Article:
Regional Office for Europe and Central Asia (REU)

Panel: volatile food prices can be managed

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Price volatility in international grain markets has an impact on food security, and nowhere is this more true than in Central Asia.  How to prevent sudden ups and downs in prices from affecting people’s access to food was the topic of an expert panel organized by FAO and partners in the context of Green Week Berlin.  The experts drew some interesting conclusions.

After shocking food price increases in 2007-2008, and price spikes in the world grain market in 2011 and 2012, food security became a central issue of policy debate.  Grain price fluctuations hit especially hard in Central Asian countries – Kyrgyzstan, Tajikistan, Turkmenistan and Uzbekistan – where, according to FAO, grains account for as much as 65 percent of people’s diets, well above the global average. 

Rising demand for food is forecast in the coming years – not only in these countries but in neighboring Iran, Turkey and China.  Kazakhstan – a key grain supplier in this part of the world – is diversifying and expanding its market, opening transportation corridors to neighboring countries.

“Price fluctuations are driven by a range of factors,” said Guljahan Kurbanova, an economist working with FAO, a moderator of the session.  “These include weather conditions, other commodity prices such as fuel and fertilizers, production trends, and policy measures taken by governments, mainly the exporting countries.”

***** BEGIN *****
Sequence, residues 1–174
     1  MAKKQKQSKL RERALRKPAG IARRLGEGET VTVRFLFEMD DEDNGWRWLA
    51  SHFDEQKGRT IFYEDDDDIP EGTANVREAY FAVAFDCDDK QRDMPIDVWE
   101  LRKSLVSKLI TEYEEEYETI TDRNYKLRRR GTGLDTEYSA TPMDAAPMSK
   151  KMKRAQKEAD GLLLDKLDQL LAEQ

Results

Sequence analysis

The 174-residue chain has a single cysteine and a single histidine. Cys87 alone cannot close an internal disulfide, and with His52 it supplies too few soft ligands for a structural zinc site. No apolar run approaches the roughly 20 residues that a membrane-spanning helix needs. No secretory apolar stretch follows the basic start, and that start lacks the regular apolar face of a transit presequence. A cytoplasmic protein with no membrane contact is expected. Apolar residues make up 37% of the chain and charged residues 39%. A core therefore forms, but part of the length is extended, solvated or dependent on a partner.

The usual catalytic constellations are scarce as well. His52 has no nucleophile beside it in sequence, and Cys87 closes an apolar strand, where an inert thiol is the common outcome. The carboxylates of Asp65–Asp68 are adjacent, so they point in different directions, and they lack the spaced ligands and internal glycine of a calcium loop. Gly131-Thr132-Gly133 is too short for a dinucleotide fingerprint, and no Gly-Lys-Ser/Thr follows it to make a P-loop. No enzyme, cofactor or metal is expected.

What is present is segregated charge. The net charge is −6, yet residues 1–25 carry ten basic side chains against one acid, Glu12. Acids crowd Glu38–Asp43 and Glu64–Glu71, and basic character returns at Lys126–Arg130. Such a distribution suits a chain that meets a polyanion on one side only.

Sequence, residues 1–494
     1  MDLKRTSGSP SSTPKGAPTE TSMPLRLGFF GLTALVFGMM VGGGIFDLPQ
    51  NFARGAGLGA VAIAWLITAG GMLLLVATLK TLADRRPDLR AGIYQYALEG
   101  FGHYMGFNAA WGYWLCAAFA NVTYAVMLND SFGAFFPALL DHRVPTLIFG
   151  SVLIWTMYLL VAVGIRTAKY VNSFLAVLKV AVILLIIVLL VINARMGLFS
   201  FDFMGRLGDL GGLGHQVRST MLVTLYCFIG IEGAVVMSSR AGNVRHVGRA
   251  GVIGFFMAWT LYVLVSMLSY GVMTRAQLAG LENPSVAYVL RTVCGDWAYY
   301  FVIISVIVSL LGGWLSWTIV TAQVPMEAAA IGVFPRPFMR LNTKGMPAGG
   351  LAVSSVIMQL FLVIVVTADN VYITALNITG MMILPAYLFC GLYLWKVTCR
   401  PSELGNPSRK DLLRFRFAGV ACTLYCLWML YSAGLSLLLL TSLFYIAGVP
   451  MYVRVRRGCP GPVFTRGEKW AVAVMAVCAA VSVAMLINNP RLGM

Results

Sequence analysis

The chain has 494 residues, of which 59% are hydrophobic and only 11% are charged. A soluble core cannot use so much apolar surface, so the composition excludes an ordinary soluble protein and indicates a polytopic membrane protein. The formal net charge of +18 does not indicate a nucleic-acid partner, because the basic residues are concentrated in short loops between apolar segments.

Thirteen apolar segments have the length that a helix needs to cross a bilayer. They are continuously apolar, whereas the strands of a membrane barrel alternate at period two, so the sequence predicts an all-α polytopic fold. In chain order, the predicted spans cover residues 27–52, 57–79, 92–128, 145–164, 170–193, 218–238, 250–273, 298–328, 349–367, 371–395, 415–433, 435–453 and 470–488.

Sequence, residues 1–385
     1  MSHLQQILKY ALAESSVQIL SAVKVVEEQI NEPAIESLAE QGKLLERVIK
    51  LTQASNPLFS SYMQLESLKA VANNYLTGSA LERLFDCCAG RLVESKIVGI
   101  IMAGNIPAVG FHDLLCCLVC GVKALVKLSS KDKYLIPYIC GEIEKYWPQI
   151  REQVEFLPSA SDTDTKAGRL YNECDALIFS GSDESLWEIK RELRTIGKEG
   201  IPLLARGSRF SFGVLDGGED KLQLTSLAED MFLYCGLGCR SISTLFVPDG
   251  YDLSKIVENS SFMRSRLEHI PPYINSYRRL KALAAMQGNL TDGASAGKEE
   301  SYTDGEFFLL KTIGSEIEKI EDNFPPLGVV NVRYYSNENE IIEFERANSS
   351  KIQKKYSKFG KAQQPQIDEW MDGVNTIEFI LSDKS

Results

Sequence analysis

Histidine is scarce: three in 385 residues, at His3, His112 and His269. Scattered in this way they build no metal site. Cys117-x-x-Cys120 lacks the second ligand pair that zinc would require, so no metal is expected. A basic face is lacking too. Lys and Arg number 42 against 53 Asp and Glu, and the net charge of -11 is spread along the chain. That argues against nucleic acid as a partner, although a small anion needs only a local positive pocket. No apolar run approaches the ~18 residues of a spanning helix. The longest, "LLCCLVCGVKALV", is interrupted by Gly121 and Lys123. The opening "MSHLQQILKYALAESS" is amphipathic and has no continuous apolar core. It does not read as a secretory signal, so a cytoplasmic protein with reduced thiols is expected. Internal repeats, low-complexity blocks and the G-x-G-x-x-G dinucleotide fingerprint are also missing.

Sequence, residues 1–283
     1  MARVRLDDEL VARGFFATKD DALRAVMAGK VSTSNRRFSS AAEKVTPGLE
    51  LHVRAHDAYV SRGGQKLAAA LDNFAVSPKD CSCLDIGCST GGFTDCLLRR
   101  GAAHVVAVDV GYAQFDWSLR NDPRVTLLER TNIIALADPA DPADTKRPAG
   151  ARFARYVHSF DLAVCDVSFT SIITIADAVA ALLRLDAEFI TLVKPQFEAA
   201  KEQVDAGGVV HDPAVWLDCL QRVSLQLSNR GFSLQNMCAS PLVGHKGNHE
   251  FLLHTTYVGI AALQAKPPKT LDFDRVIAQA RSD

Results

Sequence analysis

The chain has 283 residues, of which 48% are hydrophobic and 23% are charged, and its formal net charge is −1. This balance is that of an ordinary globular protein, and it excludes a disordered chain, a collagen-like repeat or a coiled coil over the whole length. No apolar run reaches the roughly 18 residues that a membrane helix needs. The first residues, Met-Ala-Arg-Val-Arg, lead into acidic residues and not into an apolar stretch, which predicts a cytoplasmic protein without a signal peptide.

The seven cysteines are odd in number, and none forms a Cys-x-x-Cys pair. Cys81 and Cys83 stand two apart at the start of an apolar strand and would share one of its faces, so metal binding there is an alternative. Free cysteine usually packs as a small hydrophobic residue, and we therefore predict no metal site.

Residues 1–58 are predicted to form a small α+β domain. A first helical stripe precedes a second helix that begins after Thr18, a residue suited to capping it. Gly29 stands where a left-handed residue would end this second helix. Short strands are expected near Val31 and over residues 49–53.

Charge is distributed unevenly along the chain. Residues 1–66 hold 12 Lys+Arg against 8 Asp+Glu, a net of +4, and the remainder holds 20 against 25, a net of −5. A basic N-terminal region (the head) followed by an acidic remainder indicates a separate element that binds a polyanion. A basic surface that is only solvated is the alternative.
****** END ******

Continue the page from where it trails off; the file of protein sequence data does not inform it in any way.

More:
But how to keep price spikes from leading to hunger?  Rather than trying to control price volatility, the experts recommended monitoring market fluctuations, being prepared for volatility, and setting up close cooperation between the public and private sectors.  The panel also recommended long-term market monitoring, forecasting production, and complex research into the combined effects of export geography diversification, water, food and energy, climate change and food quality.  Agricultural diversification, especially towards high-value crops, was recommended as a means of increasing farmer incomes, along with improvements in agro-technology and better investment in the agri-food value chain.

"Grain is a key factor for food security in the Central Asia Region as malnutrition and undernutrition in Tajikistan, Kyrgyzstan and Uzbekistan is still above 5 percent," said Raimund Jehle, senior field programme officer in FAO Regional Office for Europe and Central Asia.

Experts participating in the panel represented different sectors:  Csaba Csaki of Hungary for academia, Yevgeniy Gan of Kazakhstan for the private sector, and Aziz Aliev of Kyrgyzstan for the public sector.  In addition, Iride Ceccacci of the European Bank for Reconstruction and Development, Marc Sadler of the World Bank, and Diwakar Dixit of the World Trade Organization were members of the panel.

17 January 2014, Berlin, Germany